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Publication numberUS3856215 A
Publication typeGrant
Publication dateDec 24, 1974
Filing dateOct 23, 1973
Priority dateOct 23, 1973
Also published asCA1042860A1, DE2442195A1
Publication numberUS 3856215 A, US 3856215A, US-A-3856215, US3856215 A, US3856215A
InventorsVan Vliet E
Original AssigneeFluid Energy Process Equip
Export CitationBiBTeX, EndNote, RefMan
External Links: USPTO, USPTO Assignment, Espacenet
Encrustation-preventing device for fluid energy type mills
US 3856215 A
Abstract
A device for preventing the encrustation of the outlet duct of a fluid energy type grinding mill comprising a screen positioned adjacent the inner periphery of the outlet duct and means providing a flow of gaseous fluid through the screen to entrain particles passing through the duct in what is, in effect, a fluidized bed.
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United States Patent [191 Van Vliet 1 Dec. 24', 1974 ENCRUSTATION-PREVENTING DEVICE FOR FLUID ENERGY TYPE MILLS [75] Inventor: Edward Van Vliet, Doylestown, Pa.

[73] Assignee: Fluid Energy Processing &

Equipment Company, Hatfield, Pa.

[22] Filed: Oct. 23, 1973 [21] Appl. No.1 408,451

[52] US. Cl. 241/39 [51] Int'. Cl. B02c 19/06 [58] Field of Search 241/5, 39

[56] References Cited UNITED STATES PATENTS 4/1916 Wood 241/5 X 2,402,203 6/1946 Pharo v. 241/39 X 2,628,786 2/1953 Piperoux et al.... 241/39 3,559,895 2/1971 Fay 241/5 3,648,936 3/1972 Stephanoff 241/5 Primary Examiner-Granville Y. Custer, Jr. Attorney, Agent, or FirmArthur A. Jacobs, Esq.

[5 7] ABSTRACT A device for preventing the encrustation of the outlet duct of a fluid energy type grinding mill comprising a screen positioned adjacent the inner periphery of the outlet duct and means providing a flow of gaseous fluid through the screen to entrain particles passing through the duct in what is, in effect, a fluidized bed.

10 Claims, 5 Drawing Figures This invention relates to fluid energy type grinding mills, and it particularly relates to an improvement in the exhaust outlet duct to prevent the encrustation of the duct to the point where it interferes with the passage of the treated materials.

Fluid energy type grinding mills are those wherein granular material, either relatively dry or in the form of a slurry, is fed into a generally annular, vertically or horizontally arranged, housing where the material is entrained in circulating gaseous streams which centrifugally whirl the material around the housing in which the grinding or .pulverization treatment takes place. The gaseous material is generally passed into the housing with high velocity (usually at least acoustical velocity) so that the particles of the fed material collide with each other and often with the walls of the housing, whereby the particles are cracked and broken into smaller particles. Since the collisions are somewhat random and since those particles which do break, break into varying sizes, The centrifugal force exerted thereon varies, the larger particles being in the outer peripheral portion of the centrifugal stream and the smaller particles being in the inner portions. An outlet duct is provided at one position of the inner periphery of the housing so that as the smaller particles pass along their centrifugal path, they pass into this outlet or exhaust duct, whereas the larger particles continue on the outer peripheral portions of the path for another pass through the mill. The gaseous streams may be hot or cold but are usually hot, such as steam, in order to increase their velocity.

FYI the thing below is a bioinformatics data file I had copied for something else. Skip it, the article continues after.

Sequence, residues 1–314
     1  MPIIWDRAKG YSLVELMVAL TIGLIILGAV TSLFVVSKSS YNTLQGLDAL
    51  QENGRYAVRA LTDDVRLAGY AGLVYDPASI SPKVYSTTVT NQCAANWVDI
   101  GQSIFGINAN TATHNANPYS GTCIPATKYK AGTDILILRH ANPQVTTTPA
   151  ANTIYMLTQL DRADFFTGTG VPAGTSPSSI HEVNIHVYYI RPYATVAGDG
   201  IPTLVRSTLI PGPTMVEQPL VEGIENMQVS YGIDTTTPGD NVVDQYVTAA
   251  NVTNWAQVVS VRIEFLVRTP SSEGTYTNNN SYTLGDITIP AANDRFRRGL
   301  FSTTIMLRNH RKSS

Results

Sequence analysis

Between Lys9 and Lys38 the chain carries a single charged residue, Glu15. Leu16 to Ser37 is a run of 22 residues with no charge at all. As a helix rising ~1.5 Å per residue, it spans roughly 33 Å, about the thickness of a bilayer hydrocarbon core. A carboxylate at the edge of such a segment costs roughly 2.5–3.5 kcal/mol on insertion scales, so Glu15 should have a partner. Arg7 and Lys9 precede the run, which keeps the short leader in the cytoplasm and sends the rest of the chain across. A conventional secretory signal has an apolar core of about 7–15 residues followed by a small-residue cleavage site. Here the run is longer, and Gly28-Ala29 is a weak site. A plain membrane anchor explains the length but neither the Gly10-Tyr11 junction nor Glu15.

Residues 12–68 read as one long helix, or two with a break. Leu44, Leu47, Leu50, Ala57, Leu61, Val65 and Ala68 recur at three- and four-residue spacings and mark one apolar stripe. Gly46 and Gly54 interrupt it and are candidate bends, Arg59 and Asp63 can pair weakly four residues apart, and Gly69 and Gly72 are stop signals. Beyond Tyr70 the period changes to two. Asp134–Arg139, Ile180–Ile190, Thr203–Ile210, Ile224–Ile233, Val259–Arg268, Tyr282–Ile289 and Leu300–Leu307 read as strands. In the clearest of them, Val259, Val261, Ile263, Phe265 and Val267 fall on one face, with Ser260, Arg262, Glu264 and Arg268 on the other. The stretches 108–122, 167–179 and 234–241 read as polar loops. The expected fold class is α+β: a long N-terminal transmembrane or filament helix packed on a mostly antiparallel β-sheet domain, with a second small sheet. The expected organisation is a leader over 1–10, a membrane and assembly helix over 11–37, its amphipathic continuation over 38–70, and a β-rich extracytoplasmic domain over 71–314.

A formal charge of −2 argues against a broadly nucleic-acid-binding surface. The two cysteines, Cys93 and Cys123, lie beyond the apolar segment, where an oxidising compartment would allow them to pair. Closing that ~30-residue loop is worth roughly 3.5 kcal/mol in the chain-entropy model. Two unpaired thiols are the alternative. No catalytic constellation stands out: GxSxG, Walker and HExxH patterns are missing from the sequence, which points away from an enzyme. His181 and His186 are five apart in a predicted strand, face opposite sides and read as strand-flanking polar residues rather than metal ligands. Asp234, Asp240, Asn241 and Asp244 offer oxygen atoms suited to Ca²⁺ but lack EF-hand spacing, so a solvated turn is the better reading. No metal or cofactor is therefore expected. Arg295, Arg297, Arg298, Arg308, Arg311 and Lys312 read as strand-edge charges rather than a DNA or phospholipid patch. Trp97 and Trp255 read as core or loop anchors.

Although the aforesaid treatment is highly efficient, a serious problem has long existed with respect to the build-up of encrustation in the outlet duct to the point where it seriously interferes with the effective passage therethrough of the finished product. This is an especially severe problem with respect to heat sensitive or sticky types of materials such as waxes, toner powders, thermoplastics, oil bearing materials such as cocoa, soybeans, and other similar fruits and vegetables, and other such substances. These substances tend to adhere to the interior walls of the duct and continue to build up upon each other causing clogging of the duct. In addition, the encrusted materials tend to break off in large lumps at intervals. These lumps then pass through with the finished product and act as contaminants therein. It is one object of the present invention-to provide a device for overcoming the aforesaid build-up of encrusting materials in the outlet duct of fluid energy type mills.